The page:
Second grader’s drawing becomes anti-littering ‘street art’ in Germantown

Esme Fa Harrison, an adorably introspective Germantown Friends School second grader, just saw a picture she’d drawn last year become a work of “street art” outside her school.

Fellow students, environmental activists, her brother and parents had just finished the installation Thursday afternoon. The young girl was asked what she thought of seeing her crayoned work become a painting affixed directly to street and curb near a Germantown Ave. and Coulter St. stormwater inlet.

Harrison initially responded with a nonchalant shrug. That prompted her father Howard to ask “is it exciting?”

She quickly nodded her head and made her way back to class, leaving the don’t-litter message that won first place in a Philadelphia Water Company contest on the ground for all passersby to view in perpetuity.

“I’m beaming with pride,” Howard Harrison said of his daughter’s accomplishment.

What it’s all about

Each year, the Philadelphia Water Department and the Partnership for the Delaware Estuary sponsor a “Green City, Clean Water” art contest.

Students in grades K-12 are invited “to create an original work of art showing how we can all help make Philadelphia a greener city with cleaner waters.”

The winning entries are displayed in a calendar and on buses and subways during a year-round advertising campaign. Esme’s drawing won first place last year — more than 700 entries from 13 schools were submitted — and graced the May 2014 page.

She drew a woman standing in front of her house imagining litter floating in a body of water near two fish. It also includes an image of her dropping a bag of potato chips into a trashcan, sending a firm anti-littering message.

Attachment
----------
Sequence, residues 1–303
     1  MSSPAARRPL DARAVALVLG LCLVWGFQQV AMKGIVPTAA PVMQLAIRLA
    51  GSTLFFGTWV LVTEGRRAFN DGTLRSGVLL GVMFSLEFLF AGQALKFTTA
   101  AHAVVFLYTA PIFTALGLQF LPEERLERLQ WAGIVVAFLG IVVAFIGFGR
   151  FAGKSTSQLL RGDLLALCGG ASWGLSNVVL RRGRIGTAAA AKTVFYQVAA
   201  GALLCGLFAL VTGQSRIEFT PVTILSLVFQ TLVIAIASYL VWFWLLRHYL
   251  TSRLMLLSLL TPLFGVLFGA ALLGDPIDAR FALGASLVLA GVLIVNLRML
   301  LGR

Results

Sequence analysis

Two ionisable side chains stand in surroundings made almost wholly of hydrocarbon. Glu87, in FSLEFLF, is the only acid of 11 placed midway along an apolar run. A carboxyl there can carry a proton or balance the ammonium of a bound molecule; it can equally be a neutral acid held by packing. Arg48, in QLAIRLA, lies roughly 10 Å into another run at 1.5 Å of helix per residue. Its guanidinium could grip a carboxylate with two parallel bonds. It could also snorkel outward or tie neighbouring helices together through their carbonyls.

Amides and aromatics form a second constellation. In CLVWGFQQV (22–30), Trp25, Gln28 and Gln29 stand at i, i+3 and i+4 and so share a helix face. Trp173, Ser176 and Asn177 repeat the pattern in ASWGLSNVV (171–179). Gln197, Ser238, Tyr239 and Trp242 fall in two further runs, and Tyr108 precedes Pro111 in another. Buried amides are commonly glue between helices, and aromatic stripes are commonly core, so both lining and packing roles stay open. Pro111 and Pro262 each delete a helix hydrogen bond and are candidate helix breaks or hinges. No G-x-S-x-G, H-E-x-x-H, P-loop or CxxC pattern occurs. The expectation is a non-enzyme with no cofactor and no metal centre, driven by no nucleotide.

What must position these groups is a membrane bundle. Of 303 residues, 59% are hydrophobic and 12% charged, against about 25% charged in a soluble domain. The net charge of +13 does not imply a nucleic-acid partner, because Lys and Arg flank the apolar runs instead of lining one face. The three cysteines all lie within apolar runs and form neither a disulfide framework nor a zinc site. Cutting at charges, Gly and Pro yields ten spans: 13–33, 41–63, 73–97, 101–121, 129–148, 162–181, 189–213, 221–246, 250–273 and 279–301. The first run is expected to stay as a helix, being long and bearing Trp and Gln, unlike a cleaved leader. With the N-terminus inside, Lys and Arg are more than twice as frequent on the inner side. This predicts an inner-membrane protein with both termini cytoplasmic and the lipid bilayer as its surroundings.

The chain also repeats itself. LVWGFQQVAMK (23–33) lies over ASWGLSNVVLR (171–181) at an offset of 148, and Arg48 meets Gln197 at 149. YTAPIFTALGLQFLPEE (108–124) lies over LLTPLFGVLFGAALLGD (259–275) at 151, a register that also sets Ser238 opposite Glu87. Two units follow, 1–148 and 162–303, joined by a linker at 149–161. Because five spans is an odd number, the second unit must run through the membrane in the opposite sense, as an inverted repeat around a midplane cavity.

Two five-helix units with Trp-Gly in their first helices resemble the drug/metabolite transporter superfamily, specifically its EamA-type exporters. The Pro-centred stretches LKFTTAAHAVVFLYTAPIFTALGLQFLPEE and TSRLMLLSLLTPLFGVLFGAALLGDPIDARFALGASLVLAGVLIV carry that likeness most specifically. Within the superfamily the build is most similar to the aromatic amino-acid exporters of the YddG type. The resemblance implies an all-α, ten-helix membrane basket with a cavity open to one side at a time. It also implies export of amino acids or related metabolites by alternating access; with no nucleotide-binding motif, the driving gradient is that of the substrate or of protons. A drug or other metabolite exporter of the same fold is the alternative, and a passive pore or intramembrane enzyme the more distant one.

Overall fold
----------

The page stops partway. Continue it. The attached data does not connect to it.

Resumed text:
A good educational tool

Karen Cherubini, who was Esme’s first-grade science teacher, said students keep class journals in which they’re asked to “notice and wonder” about things going on around them and “capture the observations by drawing or writing.”

It’s a natural leap from those class requirements to submitting contest entries. In fact, the winning entry was treated just like a run-of-the-mill homework assignment in the eyes of the winning artist.

“They are all so aware of the litter they see, and it disturbs them,” Cherubini said as students swept up dirt with mini-brushes and dust pans before installation began. “They ask whether the class can go outside and pick up trash.”

What made this year’s contest different, according to GFS lower-school science teacher Geoffrey Selling, is the fact that the winner wasn’t confined to calendar and transportation-ad viewing platforms.

“This one gets to go where we can all see and enjoy it often,” he said of the street-based installation. “There’s another storm drain down the street, but they wanted it to go here, on a busy corner where the Germantown community can see it since everyone can help protect the environment.”

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